A report by the Kaiser Family Foundation highlights continued Medicaid expansion but questions if expanded access will continue under Trump Administration.
Most states have expanded Medicaid to low-income adults under the Patient Protection and Affordable Care Act (ACA) (P.L. 111-148), filling longstanding gaps in coverage, according to a report by the Kaiser Family Foundation (KFF). In the past year, five additional states have taken steps toward expanding Medicaid, bringing the total number of expansion states to 37, including the District of Columbia. However, the report questions whether changes under the Trump Administration will reverse coverage gains made under the ACA.
Closing coverage gaps. The ACA helped to fill gaps in Medicaid coverage by expanding eligibility to adults with incomes up to 138 percent of the federal poverty level (FPL) and provided federal funding to states for expansion coverage. Before the ACA, Medicaid eligibility was limited, and enrollment rules excluded many low-income adults and created barriers to enrollment for those were eligible. In the 14 states that have not adopted Medicaid expansion, eligibility remains tightly restricted, with the median eligibility level for parents at 40 percent of the FPL, and other adults remaining ineligible regardless of their income.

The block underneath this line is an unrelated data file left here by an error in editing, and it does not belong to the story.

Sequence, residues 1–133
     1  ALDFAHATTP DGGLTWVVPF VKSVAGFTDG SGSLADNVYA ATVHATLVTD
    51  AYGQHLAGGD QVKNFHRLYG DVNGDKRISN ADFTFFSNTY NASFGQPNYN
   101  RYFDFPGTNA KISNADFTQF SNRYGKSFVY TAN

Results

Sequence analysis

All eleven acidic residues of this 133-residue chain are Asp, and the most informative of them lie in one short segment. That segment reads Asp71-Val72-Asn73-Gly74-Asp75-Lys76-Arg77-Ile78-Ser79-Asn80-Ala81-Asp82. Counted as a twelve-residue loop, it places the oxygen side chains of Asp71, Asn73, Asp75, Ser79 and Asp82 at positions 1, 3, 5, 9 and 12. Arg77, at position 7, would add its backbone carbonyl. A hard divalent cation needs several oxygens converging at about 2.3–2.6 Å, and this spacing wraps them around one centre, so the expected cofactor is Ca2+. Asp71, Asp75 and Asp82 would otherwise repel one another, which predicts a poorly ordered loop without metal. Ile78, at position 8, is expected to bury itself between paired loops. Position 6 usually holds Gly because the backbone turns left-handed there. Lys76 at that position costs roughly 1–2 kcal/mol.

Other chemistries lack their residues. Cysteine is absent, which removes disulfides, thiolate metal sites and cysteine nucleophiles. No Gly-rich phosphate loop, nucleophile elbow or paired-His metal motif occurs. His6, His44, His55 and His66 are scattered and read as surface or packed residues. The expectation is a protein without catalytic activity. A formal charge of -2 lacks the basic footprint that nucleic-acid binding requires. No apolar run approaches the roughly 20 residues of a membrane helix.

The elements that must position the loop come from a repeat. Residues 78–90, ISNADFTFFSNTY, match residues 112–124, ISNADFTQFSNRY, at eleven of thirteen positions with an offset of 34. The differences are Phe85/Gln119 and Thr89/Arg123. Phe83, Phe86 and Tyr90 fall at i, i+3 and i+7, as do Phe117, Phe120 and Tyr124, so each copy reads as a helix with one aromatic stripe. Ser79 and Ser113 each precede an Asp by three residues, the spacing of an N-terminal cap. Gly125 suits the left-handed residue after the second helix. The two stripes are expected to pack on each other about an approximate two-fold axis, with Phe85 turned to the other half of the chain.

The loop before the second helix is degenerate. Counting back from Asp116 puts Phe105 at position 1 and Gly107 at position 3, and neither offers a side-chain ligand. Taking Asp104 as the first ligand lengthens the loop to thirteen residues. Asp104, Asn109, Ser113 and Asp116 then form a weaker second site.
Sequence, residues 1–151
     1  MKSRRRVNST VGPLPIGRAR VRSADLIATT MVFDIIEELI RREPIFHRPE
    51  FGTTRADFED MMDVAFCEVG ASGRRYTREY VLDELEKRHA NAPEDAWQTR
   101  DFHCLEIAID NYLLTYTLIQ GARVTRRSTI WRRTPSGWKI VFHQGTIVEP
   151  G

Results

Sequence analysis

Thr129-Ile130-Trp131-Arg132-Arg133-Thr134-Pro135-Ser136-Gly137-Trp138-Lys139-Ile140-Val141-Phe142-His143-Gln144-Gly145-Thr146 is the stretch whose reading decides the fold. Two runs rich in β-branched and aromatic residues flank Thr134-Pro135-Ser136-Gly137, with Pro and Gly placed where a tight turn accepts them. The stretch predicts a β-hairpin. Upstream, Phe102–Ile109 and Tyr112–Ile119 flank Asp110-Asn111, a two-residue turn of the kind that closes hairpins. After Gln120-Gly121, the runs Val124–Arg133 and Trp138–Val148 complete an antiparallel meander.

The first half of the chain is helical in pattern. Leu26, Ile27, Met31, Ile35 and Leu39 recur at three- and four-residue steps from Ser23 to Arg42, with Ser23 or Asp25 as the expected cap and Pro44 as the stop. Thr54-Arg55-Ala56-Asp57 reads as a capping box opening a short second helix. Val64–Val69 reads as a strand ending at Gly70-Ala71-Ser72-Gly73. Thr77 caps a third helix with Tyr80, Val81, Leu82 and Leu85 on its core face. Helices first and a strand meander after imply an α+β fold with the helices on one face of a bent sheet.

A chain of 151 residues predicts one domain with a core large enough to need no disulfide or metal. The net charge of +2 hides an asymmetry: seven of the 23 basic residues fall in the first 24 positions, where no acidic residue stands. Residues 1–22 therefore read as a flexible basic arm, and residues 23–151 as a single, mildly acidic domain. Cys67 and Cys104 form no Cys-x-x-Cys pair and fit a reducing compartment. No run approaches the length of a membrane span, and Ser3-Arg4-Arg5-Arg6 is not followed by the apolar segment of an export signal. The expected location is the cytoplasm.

In adopting the policies of the ACA, all states have implemented more streamlined Medicaid enrollment and renewal processes, regardless of the states’ expansion status. Individuals were able to apply online for Medicaid in all states beginning January 2019, and most states can complete real-time determinations and automated renewals. These improvements facilitate individuals’ ability to enroll in and maintain coverage while reducing state administrative burdens.
Will advances continue? According to the report, a key question is whether there will be continued advances to expand coverage and streamline enrollment, as the Trump Administration is promoting new Medicaid eligibility requirements, including work requirements and restrictions to expansion, that would require complex and costly documentation. The report also notes that coverage gains under the ACA stalled and began to reverse in 2017, and Medicaid enrollment of adults and children declined in 2018. However, this could be the result of economic improvements.
Companies: Kaiser Family Foundation
IndustryNews: NewsStory AgencyNews EnrollmentNews MedicaidExpansionNews NewsFeed
Interested in submitting an article?
Submit your information to us today!Learn More
Health Reform WK-EDGE: Breaking legal news at your fingertips
Sign up today for your free trial to this daily reporting service created by attorneys, for attorneys. Stay up to date on health reform legal matters with same-day coverage of breaking news, court decisions, legislation, and regulatory activity with easy access through email or mobile app.